Have you ever traveled to a country where you didn’t know the language? Did you try to order a meal? Go the grocery store? Communicate with airport security or a doctor? And in these situations was it easier or harder to communicate? Did it take more effort or a lot more time?
Chances are, if you’ve been in this situation you know it’s frustrating, exhausting and potentially dangerous, when it comes to trying to communicate in a language that isn’t your own. But at the end of your experience in a foreign country, you can go home to a place where people speak your own language.
For people who are Deaf and use American Sign Language as their first language, this is a daily struggle no matter where they go.
“They’re like the traveler in a country where they don’t use the language on a daily basis in their home town,” Dr. Rosalee Wolfe, a professor in the school of computing at DePaul University, explained.
Wolfe and her team are seeking to bridge this deaf-hearing gap through the American Sign Language Avatar Project, technology that acts as a sort of Google Translate for the Deaf: People speak into the program and an animated avatar signs the translation in American Sign Language.
The project, which has been in the works since 1998, has to combine high-level, hyper-precise animation (any incorrect movement could entirely change the meaning of a sign) with speech and language recognition technology, all areas that have seen rapid development and changes over the last decade. Wolfe recently presented the technology at the Grace Hopper Celebration of Women in Computing.
In this interview on Chicago Inno’s podcast, Wolfe discusses building the technology, how to prevent “fuzzy” translations between spoken English and movements in American Sign Language, and how tech companies are beginning to build inclusivity into tech from the beginning.
(Transcription and demo below)
Chicago Inno: Tell us about the American Sign Language Avatar Project.
Dr. Rosalee Wolfe: [Deaf] people don’t use English as their preferred language. They use American Sign Language. This is the language of the Deaf. Being able to communicate is such a basic fundamental that we need. When I say Deaf here I’m saying Deaf with a capital D. I’m not talking bout say your grandparents who may have gone to too many rock concerts in their youth. I’m talking about people who were born deaf.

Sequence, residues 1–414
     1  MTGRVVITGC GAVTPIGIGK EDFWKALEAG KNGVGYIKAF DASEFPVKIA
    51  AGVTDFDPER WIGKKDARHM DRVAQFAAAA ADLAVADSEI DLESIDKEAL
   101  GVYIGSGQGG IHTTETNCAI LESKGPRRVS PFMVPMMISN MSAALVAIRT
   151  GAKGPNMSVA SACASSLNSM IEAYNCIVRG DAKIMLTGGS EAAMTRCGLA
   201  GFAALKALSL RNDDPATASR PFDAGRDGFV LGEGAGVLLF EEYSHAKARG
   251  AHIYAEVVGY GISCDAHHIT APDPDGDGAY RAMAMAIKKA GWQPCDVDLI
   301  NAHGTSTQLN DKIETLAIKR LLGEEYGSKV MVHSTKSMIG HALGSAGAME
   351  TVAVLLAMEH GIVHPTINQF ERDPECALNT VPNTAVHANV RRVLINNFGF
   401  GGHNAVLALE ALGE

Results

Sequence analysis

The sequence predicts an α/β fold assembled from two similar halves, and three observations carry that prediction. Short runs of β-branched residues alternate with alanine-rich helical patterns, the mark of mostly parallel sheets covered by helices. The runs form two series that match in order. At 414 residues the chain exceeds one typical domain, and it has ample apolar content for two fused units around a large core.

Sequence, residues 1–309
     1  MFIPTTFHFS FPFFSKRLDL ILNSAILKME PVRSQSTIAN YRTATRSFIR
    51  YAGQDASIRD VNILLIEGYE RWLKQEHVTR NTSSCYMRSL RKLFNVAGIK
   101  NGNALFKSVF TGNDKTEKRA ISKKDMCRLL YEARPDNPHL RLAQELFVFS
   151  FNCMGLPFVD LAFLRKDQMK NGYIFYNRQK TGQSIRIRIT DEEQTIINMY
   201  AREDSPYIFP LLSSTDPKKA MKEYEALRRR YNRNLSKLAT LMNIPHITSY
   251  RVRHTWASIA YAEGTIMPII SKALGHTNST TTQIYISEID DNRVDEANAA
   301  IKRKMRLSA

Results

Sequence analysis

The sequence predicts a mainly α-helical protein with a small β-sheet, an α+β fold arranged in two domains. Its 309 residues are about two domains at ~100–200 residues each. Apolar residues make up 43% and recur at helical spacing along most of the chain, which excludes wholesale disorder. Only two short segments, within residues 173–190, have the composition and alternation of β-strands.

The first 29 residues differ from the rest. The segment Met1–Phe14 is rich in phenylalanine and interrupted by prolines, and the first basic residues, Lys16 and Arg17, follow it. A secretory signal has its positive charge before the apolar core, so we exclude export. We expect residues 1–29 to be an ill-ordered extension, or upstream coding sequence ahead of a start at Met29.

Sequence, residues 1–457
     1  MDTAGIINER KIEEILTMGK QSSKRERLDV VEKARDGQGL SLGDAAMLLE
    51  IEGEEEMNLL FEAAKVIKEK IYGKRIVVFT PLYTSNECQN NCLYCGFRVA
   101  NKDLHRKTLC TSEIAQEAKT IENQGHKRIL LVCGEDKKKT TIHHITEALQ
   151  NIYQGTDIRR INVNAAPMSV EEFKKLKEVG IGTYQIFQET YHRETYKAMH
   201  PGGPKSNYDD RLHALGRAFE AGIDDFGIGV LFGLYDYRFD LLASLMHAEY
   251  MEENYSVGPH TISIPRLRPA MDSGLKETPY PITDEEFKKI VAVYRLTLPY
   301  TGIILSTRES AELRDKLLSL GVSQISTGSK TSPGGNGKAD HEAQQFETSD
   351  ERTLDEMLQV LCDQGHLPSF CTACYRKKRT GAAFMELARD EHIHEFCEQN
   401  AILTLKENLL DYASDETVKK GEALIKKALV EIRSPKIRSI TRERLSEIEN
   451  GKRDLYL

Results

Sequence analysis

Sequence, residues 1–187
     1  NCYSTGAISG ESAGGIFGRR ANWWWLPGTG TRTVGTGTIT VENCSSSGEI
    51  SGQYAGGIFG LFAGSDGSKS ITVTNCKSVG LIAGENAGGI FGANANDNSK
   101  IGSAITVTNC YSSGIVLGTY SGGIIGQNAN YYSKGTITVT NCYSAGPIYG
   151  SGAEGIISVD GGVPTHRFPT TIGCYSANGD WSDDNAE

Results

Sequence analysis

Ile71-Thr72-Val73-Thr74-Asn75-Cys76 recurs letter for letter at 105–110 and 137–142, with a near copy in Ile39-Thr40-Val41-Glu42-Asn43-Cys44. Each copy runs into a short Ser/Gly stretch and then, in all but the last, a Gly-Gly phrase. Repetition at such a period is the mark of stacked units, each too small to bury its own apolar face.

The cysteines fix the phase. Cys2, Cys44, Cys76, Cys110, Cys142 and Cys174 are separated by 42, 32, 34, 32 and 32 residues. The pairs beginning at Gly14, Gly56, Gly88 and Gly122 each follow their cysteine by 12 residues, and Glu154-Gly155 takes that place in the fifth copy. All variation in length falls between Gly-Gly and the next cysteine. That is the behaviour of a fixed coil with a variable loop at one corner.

What we’re doing is developing noninvasive technology to bridge that deaf hearing communication gap. We have a voice activated avatar where you can speak various words and phrases and it then produces the American Sign Language. A person who is deaf can read what the avatar is saying in the animation and it promotes better communication between the two communities.
So, for example, if I am not deaf and you are Deaf, I could speak into this program, which is on a desktop computer, and an animation avatar would actually sign it back.
Exactly. What’s wonderful about today’s technology, is that now the actual components, the physical hardware you need for this is quite reasonably priced. This is something that ultimately we’d like to have on all portable devices, so it’s just simply an add on to the cell phone you already have.
Basically this is like a Google Translate for the Deaf, between American Sign Language and spoken English. How different is American Sign Language from spoken English?
They are very different. In American Sign Language, it’s its own independent language with a unique syntax and grammar like any spoken language. There are parts of speech in American Sign Language that we as speakers of English haven’t even imagined yet. For example, you sign a statement such as “You’re going to the store.” If you add say some movements of your head and eyebrows, you can ask “Are you going to the store?” but it’s exactly the same signs you make on your hands. The attitude of the body, so how you position your spine, how you position your head, how you move your eyes, how you move your face all contribute to the language. There are rules–just like in spoken or written English–there are rules to how to use your body in order to create this wonderfully complex and expressive language.
It’s sort of like, what we create using our voices in terms of tones and expression, that’s done in three dimensions.
Yes, that’s done in three dimensions. And also we do things in word order that don’t necessarily correspond to sign order in sign language.
I think about how when we use Google Translate, if I do English to French it will still use words. I type English words into one side and French words come out the other side. But when you’re translating to American Sign Language, words aren’t enough.